Imagine a situation where something occurs beyond your control, and it ends up costing you a job. You flock to those close to you in search of support. Most people’s gut reaction will be to immediately side or sympathize with you. They do that by saying things like “that’s crazy” or “I’m sorry, that’s so depressing” to you. Although these words seem harmless and supportive at first, their deeper meaning is disconcerting. These everyday phrases you hear are just one example of how mental illness is normalized in society. One of the largest categories of mental illness that has been so integrated, is depression. I contend that a majority of people who use the phrase “I am depressed” do not consider the full weight of those words. They view them as a way to express emotion, rather than as an illness. This invalidates the condition that people with real depression face. Depressed people are looked at and often feel as though they are only sad and feel sorry for themselves, rather than as having an emotional disorder. This leaves depression unacknowledged publicly, so that its victim is left neglected and unable to achieve emotional freedom. This emotional freedom is defined as the ability to perceive a situation in a certain light without concurrent external influences, or internal abnormalities.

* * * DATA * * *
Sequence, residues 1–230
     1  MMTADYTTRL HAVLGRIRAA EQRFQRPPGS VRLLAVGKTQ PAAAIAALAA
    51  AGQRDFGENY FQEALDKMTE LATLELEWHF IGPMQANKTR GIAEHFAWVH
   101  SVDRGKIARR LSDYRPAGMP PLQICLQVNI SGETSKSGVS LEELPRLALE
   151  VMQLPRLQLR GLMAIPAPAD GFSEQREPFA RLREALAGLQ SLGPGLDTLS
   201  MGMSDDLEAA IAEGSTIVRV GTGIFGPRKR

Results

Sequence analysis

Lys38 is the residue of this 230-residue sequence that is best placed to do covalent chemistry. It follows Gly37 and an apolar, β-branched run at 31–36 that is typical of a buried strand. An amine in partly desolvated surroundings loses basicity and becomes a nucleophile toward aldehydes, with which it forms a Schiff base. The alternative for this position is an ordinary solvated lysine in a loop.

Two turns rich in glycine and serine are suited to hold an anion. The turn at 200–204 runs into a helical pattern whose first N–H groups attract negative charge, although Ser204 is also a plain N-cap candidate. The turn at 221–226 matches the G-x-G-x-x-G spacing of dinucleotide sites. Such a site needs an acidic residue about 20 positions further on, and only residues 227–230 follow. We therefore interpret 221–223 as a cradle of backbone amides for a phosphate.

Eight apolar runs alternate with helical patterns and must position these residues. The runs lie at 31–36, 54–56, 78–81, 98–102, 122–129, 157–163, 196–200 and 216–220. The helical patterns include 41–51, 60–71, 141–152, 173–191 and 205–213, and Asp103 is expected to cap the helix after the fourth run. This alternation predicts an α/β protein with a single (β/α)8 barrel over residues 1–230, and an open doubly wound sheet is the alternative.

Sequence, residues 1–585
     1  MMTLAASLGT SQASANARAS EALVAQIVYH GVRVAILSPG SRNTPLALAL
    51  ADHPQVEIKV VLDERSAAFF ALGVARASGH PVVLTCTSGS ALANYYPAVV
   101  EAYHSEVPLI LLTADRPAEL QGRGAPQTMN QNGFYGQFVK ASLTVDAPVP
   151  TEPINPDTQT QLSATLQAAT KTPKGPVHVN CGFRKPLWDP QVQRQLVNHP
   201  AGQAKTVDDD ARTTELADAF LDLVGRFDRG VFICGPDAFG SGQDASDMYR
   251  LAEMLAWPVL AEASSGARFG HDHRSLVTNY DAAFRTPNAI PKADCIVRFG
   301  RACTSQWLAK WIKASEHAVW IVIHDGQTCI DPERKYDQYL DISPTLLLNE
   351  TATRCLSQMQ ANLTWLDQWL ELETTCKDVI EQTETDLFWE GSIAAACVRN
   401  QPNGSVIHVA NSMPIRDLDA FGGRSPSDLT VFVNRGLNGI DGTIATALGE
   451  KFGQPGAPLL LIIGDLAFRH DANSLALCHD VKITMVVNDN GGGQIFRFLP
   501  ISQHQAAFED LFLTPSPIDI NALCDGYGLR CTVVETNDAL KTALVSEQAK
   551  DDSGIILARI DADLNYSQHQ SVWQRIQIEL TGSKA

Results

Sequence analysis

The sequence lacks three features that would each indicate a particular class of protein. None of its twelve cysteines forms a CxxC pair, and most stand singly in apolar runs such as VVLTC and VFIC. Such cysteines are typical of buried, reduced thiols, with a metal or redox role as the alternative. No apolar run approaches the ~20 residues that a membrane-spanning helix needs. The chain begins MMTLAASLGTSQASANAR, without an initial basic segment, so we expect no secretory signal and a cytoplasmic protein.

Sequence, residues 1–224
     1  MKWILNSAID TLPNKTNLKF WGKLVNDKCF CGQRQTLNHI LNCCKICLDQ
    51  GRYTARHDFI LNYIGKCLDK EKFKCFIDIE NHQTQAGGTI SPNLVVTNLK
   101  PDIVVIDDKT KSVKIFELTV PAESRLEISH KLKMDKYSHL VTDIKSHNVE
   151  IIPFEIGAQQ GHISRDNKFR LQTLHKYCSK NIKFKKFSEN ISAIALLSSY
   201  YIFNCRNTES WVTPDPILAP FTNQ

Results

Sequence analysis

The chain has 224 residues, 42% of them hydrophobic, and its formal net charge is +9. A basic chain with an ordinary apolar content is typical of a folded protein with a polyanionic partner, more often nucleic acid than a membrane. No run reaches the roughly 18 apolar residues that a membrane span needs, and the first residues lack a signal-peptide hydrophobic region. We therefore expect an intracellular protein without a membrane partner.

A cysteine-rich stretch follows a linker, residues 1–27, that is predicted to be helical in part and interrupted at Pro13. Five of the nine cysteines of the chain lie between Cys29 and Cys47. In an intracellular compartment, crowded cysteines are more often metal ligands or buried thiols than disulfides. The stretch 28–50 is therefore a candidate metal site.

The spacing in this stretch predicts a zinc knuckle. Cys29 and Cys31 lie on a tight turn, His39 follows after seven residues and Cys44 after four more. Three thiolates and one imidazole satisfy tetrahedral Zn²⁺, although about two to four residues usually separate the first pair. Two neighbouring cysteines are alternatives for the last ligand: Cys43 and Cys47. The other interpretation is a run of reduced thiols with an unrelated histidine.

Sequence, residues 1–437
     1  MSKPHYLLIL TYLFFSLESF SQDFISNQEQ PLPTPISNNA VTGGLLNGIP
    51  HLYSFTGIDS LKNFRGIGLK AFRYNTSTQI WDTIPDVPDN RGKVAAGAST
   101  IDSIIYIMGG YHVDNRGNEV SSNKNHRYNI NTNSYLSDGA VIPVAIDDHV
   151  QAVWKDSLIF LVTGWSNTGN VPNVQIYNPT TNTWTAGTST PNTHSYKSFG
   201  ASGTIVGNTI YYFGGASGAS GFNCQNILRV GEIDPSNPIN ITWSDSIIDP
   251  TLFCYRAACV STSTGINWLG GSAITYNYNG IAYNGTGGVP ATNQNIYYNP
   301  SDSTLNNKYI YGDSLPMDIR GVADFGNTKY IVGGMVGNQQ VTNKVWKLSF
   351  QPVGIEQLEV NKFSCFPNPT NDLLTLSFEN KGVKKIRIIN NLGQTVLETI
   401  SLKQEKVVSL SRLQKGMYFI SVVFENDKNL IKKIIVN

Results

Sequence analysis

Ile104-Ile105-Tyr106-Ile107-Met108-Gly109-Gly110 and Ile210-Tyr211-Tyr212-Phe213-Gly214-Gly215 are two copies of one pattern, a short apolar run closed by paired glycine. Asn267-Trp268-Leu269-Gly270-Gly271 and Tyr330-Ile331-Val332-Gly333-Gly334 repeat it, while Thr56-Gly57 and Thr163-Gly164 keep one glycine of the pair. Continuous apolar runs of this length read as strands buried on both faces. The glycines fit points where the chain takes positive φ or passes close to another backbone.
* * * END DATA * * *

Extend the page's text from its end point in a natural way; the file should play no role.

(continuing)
Refusing to acknowledge that depression exists in any mental health capacity, stems from a societal “Bad Faith” (370) (Figure 1) ideal. This is an idea from Jean-Paul Sartre’s “Being and Nothingness”, where he asserts that one refuses to confront a situation in order to maintain some sort of innocent state. Sartre uses an example of courting to explain bad faith. If a woman were to go out with a man, but does not want to “make a decision” (380) about her feelings towards him, she will “disarm” (380) any of his phrases of ambiguity in favor of what the “explicit meaning” (380) is instead. She will go through the entire process, completely ignoring what is actually going on, looking only at the direct phrases, not the action or meaning accompanying said phrases. The woman will look at the man as he were a fixed object like a “blue or grey” (381) wall instead of a complex, transcendent person. The woman “is profoundly aware” (381) of what she and the man are doing, but she chooses to ignore it, letting the courtship continue while maintaining an apparent ignorance of the situation. This is another reason why a majority of those with depression are unable to get help in a modern society. The first self deception is with the person who has depression. Many will ignore the signs and symptoms because they are in denial of the problem. They don’t want to have the problem, and as long as a doctor doesn’t say there is one, then there isn’t one. This leads the person to not seek help. This is a similar process that goes on with the friends or family that surround the person. Jerry Kennard, a writer for Health Central, believes that many will “have a degree of awareness” (1) that there is something wrong, but will try to “rationalize” (1) it, so they will not have to confront the situation, as is the case with bad faith. This holds true for both those with depression, and those in close contact with the person. Both the depressed and their contacts will try to excuse their behavior as a bad day, or some other “trivial […] situation” (1) so they will not have to confront conflict. Unfortunately this leads to a closed mindedness and rationalization of the irrationable. If depression is treated as normal behavior, those afflicted will never be able to seek treatment, and they will be viewed as bad people, rather that helpless people. This carries on the social stigma and creates the microaggressive environment, and the downward spiral that keeps a person with depression from achieving emotional freedom.